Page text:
If no historical data of the concerning transformer is available, the use of SFRA data from type-equal (“sister-“) transformers is common and mostly useful. The handling of the data is generally the same as described for the time-based comparison. However, minor deviations between curves of sister transformers can normally not be excluded. Figures 4 present an example of a successful type-based comparison of two 30-MVA transformers. Overlaying the data of the HV windings it is obvious that the related curves (same colors for each phase) correspond very well. Considering that it is most unlikely to have two transformers with exactly the same kind of mechanical failure, the good congruity of the results is a good indication for the healthy status of both units.
However, it is important to recognize that equally specified transformers not in every case show exactly the same frequency responses. An example for different SFRA results (20 Hz – 2 MHz) on identically specified 60-MVA single phase generator step-up transformers is given in figure 5. Despite the fact that all units were in good shape the SFRA results are not in alignment. The left part of the figure shows a zoomed region of incongruity in a frequency range from 5 kHz to 550 kHz. Obviously the windings design has been changed during the manufacturing process of this batch of transformers. This assumption has been confirmed by the manufacturer.
The case above shows that a mismatch of SFRA results during a type-based comparison means not necessarily that one or both of the transformers are damaged. In such cases it is recommendable to use more than one reference test if available or to consult the transformers manufacturer.
If no reference data is available the set of tests shall be planned according international guides and with respect to the objectives of the test (fingerprint, failure investigation, transportation assessment etc.). The most common measurement is the end-to-end test with all untested terminals left floating. These curves contain the most informational content about the core and the winding and are therefore the most important and most common type of tests. The left part of figure 6 shows this measurement principle schematically. In this case the signal source and the reference measurement channel are connected to the neutral terminal while the response measurement channel is connected to one of the star connected phases. It is also possible to use the opposite direction (signal injection in the phase and measurement on the neutral) but both directions should not be mixed. On the right, figure 6 shows the end-to-end test with a short circuit connection of the corresponding windings. This removes the core influence (magnetizing inductance) and is characterized by the leakage instead. For higher frequencies, representing information about the winding structure itself, both end-to-end test types give the same results. It is common practice not to include the LV neutral into the short-circuit connection.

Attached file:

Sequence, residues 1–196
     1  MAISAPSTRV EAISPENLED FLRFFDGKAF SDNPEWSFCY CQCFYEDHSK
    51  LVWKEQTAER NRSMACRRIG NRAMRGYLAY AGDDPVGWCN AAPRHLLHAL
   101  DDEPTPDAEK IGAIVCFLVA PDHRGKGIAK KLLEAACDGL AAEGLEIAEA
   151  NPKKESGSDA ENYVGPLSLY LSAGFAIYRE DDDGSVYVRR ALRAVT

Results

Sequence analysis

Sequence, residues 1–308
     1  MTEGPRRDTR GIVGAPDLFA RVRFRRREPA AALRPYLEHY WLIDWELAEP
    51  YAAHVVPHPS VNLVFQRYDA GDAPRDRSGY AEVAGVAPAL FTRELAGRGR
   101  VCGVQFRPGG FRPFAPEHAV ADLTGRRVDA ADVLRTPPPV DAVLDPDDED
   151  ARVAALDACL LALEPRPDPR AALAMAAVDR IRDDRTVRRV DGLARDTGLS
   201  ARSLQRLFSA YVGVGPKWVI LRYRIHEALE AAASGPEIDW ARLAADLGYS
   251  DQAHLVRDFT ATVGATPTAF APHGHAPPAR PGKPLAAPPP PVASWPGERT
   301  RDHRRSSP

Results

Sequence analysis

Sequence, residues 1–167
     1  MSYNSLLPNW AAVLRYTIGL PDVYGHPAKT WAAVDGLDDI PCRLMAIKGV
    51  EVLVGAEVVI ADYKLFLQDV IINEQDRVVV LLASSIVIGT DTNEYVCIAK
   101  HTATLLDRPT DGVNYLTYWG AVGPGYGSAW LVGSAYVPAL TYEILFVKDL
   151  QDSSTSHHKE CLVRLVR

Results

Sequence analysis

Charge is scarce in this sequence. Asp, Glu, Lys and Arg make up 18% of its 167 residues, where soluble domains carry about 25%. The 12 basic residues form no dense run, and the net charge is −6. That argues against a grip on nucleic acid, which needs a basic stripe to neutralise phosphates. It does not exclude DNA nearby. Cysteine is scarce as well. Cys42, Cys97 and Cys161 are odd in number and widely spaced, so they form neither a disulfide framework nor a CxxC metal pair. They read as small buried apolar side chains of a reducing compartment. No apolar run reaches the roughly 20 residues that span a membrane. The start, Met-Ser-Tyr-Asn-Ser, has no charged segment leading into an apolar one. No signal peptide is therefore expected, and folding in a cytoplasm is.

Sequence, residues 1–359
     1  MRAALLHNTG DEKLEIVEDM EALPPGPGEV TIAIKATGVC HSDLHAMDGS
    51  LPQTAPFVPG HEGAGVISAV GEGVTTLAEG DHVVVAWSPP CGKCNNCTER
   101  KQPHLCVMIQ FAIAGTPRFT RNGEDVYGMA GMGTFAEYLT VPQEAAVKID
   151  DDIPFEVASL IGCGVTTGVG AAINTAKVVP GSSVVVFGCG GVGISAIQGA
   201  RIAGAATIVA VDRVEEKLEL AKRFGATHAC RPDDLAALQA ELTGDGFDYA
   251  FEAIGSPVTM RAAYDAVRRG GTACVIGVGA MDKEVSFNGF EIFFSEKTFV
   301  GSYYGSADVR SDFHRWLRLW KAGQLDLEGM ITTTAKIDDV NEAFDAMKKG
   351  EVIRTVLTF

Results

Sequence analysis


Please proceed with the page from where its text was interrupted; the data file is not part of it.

Other tests can be the capacitive inter-winding test (fig. 7), or the not that common inductive inter- winding test. Capacitive inter-winding measurements seem to be promising due to their high sensitivity in the detection of radial deformations. The inductive inter-winding test is complementary to the turns-ratio test (TTR) in the low frequency range. Anyway, the selection of the type of tests to be performed is also a matter of the available testing time. For the definition of the sweep settings it has been proven that a frequency range between 20 Hz and 2 MHz is usually sufficient. With respect to the further use of the actual data as references for future measurements it must be mentioned again that exact documentation is essential for SFRA measurements.
Without reference data it is common practice to compare the phases of a transformer against each other. For three-phase transformers it must be noted that the middle limb usually differs from the outer phases in the core region (up to a view kHz) as well as in higher frequency regions which are related to the winding structure under test. As an example figure 8 shows the HV winding responses of a 350- MVA GSU. It is visible that the middle phase (green curve) deviates slightly from the other phases (black and red). Despite this it is obvious that the resonances and anti-resonances are in good alignment which is a good indication of the healthy status of the windings. According to the authors experience app. 60% of all SFRA tests can be assessed just based on phase comparisons. But it must be noted that also healthy windings may not correlate well, according to their winding design. In such cases further investigation (e.g. type-based comparison) is required. It can be estimated that app. 90 % of all SFRA measurements can be evaluated without fingerprint data of the tested object being available. In right part of figure 8 an example of a newly build 63-MVA transformer is given. The HV windings show different winding responses despite being verifiable in sound condition. More often then for HV windings this kind of effect is to be observed on LV or tertiary windings.
( To be continued…….)